Carol Ann Coughlin. Carol Ann is Taconic Distillery’s Chief Mixologist. When developing a recipe, she uses the tasting notes in the spirit as a jumping-off point and complements them with fresh, seasonal ingredients. Fresh fruits, flavorful syrups and tasty infusions combine with our Bourbon or Rye to produce festive cocktails for every season. Inventive, delicious cocktails bring her guests such pleasure that Carol Ann finds making drinks as much fun as drinking them!

When she’s not behind the bar, Carol Ann can be found running or biking in the rolling hills of Dutchess County. She holds a BA from Hartwick College and an MBA from New York University. 


Brandon T. Collins

Raised in Carlisle, OH, Brandon grew up with a love of chemistry that eventually led to his passion for producing amazing whiskey. Brandon received a BS in Chemical Engineering at Ohio State University, where his studies included Brewing and Fermentation Science. After graduating college, he went on to hold a highly coveted Distillery Supervisor position at Buffalo Trace.  During his tenure at Buffalo Trace, the oldest continuously operating distillery in the country, Buffalo Trace was named “Whiskey Distiller of the Year” in 2014 and “Brand Innovator of the Year” in 2015, by Whisky Magazine’s “Icons of Whisky America”.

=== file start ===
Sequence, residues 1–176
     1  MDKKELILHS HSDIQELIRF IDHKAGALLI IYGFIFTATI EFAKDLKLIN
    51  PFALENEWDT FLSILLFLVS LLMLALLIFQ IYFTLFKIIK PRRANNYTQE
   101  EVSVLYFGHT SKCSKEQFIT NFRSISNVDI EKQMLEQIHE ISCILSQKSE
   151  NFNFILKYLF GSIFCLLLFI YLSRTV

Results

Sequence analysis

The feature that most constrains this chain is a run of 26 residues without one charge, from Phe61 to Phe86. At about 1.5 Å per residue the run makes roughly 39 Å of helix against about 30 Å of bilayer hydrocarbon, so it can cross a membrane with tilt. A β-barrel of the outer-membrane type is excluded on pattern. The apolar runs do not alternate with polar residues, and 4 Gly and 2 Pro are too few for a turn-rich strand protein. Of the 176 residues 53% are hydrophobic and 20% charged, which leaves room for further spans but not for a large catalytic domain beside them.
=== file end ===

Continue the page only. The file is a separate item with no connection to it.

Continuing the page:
During his travels Brandon developed a love for New York City, where he currently resides.  When an opportunity arose at Long Island Spirits in 2017 he decided it was time to combine his two passions and relocate to New York.  There he went on to produce a “Chairman’s Trophy Rye Whiskey” in the Ultimate Spirits Challenge. 


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Gerald Valenti. Gerry’s role at Taconic Distillery is a culmination of his studies in Engineering and a lifetime love of the science of food and beverage. Paul and Gerry’s interest in the outdoors and a simpler organic way of life was instrumental in forming a friendship that seeded the idea of Taconic Distillery.

A gentleman farmer, winemaker and forager, Gerry’s passion for the earth and the bounty it provides is instrumental in the selection of Hudson Valley grains utilized in our spirits